Look at yourself from Chase's standpoint–are you a good customer? And by that I don't just mean a good credit risk, although that's part of it. Chase, as other banks, wants to be able to service as many of your financial needs as possible. So don't just be a credit card customer–also have a Chase checking account, and if it makes sense for your needs, consider a car loan, mortgage, or business account as well. The longer you've been a good customer helps, too.
2. Know Exactly Why You Need Each Card
Focus on the non signup bonus attributes that are important to you about the cards you're applying for, whether it's no foreign transaction fees and 2X points for all travel and dining for the Sapphire Preferred, the EMV Chip in the Hyatt Visa, the rotating 5X bonus categories of the Freedom, the fact that the Ink Plus is a credit card enabling you to pay over time, etc. Don't forget to mention any circumstances, such as a recent move, new job, etc. that help explain why you need certain new cards.
Also know which of your existing cards you definitely want to keep and why, in case the credit analyst pressures you to close a card. You can often keep all the cards that are important to you by shifting credit limits around, but if you are getting pressured to close a card then:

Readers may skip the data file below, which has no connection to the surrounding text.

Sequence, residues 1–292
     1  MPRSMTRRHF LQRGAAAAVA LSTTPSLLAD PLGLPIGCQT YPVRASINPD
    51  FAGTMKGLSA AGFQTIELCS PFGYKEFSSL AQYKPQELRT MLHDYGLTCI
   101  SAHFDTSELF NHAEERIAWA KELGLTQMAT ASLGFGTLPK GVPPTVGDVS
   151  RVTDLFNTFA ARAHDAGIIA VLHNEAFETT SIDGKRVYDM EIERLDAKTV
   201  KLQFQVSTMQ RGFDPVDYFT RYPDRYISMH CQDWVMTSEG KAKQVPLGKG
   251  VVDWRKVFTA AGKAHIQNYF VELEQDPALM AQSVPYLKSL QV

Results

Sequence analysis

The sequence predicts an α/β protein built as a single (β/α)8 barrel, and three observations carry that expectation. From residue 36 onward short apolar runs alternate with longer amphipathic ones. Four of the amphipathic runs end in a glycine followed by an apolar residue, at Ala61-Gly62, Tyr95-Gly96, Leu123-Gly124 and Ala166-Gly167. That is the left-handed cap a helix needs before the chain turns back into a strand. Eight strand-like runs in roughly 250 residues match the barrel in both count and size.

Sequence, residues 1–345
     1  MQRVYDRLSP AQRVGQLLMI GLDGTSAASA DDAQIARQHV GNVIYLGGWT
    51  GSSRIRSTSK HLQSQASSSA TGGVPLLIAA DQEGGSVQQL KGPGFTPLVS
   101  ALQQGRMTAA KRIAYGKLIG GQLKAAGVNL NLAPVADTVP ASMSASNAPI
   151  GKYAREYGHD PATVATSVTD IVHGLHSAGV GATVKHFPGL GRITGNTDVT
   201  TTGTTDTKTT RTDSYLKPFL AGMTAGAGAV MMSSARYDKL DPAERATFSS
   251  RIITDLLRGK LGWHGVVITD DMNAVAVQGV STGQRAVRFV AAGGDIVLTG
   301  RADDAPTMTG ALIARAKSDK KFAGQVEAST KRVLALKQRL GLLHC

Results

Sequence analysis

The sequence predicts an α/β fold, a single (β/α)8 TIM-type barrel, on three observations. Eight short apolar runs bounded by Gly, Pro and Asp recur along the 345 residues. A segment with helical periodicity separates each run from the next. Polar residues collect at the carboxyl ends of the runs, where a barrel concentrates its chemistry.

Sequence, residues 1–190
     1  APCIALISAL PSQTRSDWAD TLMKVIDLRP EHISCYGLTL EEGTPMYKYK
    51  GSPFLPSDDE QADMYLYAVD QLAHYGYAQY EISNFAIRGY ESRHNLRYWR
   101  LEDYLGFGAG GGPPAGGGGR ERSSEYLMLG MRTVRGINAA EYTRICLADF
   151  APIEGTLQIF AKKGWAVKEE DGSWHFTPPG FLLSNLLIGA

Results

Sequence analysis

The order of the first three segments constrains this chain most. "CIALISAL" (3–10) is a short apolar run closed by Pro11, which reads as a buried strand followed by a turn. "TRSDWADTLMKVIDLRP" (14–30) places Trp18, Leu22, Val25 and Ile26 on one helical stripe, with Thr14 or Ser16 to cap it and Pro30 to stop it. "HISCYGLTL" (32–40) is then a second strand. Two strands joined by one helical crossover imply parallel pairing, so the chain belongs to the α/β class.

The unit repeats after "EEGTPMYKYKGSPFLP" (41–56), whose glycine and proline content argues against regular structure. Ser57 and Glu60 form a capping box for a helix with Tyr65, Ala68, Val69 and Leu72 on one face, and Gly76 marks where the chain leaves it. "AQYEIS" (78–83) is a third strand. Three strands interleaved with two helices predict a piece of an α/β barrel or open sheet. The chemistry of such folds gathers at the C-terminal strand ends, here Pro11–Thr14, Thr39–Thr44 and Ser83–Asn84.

3. Transfer Your Credit Limit Before Closing a Card
Whatever you do, don't forget to transfer over your credit limit from a card you're about to close to a card that you'll keep open (or to a new card you're trying to get approved for). You don't want to lose some of your credit limit, especially as it can be used to help get you approved for new cards.
4. Stay at Home Parents: Use Half the Household Income If You Live In a Community Property State
Clearly your income has significant bearing on how much credit Chase will be willing to extend to you. By law, credit card companies are now required to ask for individual income when making a credit decision. Although the law was meant to reduce predatory lending, it's had the unintended effect of making it harder for a stay at home parent with no earned income to apply in his or her own name for a credit card. Very frustrating for these parents.
Fortunately, those who live in community property states such as Arizona, California, Idaho, Louisiana, Nevada, New Mexico, Texas, Washington or Wisconsin (or you're an Alaskan couple that has opted-in to community property) can state half household income as their own; after all, that's what would be theirs in a divorce, taking into account adjustments due to child custody, etc.
5. Talk to a Credit Analyst
It's common not to be instantly approved, especially for business cards, where Chase almost always wants to talk with you about your business or plans for it, if it's a new business. So don't just wait for a decision–it's better to call to discuss your application and work together with the credit analyst to shift credit from those cards where you don't need such a high credit limit to the new cards you hope to open.